As reported this week by Toronto Star and other sources, it seems Toronto may as well not have bothered going through the motions of setting up a Music City Alliance Agreement with Austin, Texas back in October 2013, for all the promotional value it’s giving this city’s talent at the South By Southwest (SXSW) Music Festival taking place there this week.
Likewise, what was the point, nine months ago now, of industry association Music Canada setting up the fancy (and no doubt, when the costs have been tolled, expensive) and ridiculously named “4479 Toronto” marketing campaign aimed at promoting TO as Music City if it couldn’t be ready to seize the opportunity presented by this event?
In the same vein, the 30-member group of musi-crats (industry association reps, city officials, politicians and a few so-called actual industry players) known as the Toronto Music Industry Advisory Council, which was established by Council last month in the wake of the October signing of the agreement with Austin, has no official presence in Austin and appears to be mired deep in institutional and organizational gridlock.
Does anyone reading this doubt for one minute that if Brian Gladstone, Pete Otis and myself were teamed up to be in charge of any one of these above initiatives —with even a third of one of their budgets— that Austin would not be full of people talking about “those amazing musicians from Toronto” right now? Hell, any one of the three of us could have done a better job alone. You could have asked us two weeks ago and it would be happening right now.
When Pete Otis took a group of musicians from his SongTown recording label and promotions enterprise to Nashville with him for the first time a few years ago, for example, everyone ended up playing gigs, Otis hooked up with various local promoters and subsequent return trips have seen the SongTown contingents featured at local indie festivals and kept busy with performing and recording in various venues while they were there.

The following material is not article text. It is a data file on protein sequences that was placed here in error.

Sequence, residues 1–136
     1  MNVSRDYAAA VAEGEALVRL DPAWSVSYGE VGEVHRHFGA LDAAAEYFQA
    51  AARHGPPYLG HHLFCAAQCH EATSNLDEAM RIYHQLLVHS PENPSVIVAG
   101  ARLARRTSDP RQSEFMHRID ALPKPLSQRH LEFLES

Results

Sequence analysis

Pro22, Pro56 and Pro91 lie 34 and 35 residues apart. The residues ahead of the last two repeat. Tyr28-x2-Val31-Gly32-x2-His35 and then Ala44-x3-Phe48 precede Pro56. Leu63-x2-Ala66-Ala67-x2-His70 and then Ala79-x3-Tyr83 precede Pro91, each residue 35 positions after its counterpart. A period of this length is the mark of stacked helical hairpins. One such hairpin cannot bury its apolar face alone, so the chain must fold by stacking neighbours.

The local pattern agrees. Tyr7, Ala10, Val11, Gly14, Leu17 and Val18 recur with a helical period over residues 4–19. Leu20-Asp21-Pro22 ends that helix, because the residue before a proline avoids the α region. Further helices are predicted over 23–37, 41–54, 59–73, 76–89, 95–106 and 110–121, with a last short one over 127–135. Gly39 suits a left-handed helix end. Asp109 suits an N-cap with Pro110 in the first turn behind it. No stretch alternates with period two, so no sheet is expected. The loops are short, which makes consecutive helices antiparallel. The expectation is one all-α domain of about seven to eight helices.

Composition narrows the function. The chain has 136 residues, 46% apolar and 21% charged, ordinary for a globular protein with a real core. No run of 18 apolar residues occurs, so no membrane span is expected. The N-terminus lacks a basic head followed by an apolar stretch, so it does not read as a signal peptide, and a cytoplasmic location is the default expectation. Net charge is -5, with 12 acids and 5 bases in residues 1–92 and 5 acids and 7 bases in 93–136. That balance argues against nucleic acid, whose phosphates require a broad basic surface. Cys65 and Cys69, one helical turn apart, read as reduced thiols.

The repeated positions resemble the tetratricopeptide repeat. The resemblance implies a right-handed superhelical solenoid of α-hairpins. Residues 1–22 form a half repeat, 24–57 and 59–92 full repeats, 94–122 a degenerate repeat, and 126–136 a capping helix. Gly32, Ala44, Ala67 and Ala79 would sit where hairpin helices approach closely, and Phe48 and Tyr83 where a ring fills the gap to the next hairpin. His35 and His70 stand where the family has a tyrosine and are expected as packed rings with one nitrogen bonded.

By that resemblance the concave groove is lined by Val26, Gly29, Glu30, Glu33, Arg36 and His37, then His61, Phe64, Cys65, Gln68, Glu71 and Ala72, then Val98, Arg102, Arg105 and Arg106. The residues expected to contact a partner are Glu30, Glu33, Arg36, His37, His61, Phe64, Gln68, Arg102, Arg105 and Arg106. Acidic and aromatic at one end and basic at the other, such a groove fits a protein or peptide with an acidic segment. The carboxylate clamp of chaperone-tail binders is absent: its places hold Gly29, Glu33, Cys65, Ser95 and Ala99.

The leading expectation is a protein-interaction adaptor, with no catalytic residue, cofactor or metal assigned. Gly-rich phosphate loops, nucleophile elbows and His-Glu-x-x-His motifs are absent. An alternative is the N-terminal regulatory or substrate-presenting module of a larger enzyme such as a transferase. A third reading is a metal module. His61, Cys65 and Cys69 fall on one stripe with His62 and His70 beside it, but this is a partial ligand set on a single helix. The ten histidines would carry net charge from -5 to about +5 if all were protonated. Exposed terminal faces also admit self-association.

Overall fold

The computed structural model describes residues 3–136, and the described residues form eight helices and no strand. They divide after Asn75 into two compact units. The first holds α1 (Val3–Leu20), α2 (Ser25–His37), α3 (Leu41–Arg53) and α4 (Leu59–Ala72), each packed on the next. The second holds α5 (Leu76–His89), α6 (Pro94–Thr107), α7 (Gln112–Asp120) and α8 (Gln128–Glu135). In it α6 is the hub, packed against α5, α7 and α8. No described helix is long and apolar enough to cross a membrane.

Setting up his now-annual SongTown Toronto Music Festival and his Honouring Our Own series of over a dozen concerts now were accomplished the same way: Otis didn’t require a fancy Toronto office, glossy promotional material or official-sounding title to get things done. He just did it.
Similarly, when Brian Gladstone started his now iconic Winterfolk Festival shortly after the dawn of the new millennium, he created it by actually getting out on the street and talking to clubs about sponsoring and hosting it and actually meeting with and promoting local musicians to be featured.
To be sure there are many other local promoters who could also teach these groups (whose idea of a “street level” industry player is Horseshoe impresario Jeff Cohen –a guy who has excelled in making “pay-to-play” gigs the norm in downtown Toronto) a thing or more. Signe Miranda of the Music City North group, Russell Leon of Songwriters Unite and Nelson Sobral of Songwriters Circle of Jerks are just three who pop to mind.
What, in the meantime, aside from pad the resumes and puff up the egos of the participants (and no doubt create jobs for a few friends or nephew/nieces) have either the Toronto Music Industry Advisory Council or the increasingly lame-looking and invisible 4479 Toronto initiative done for the local music scene?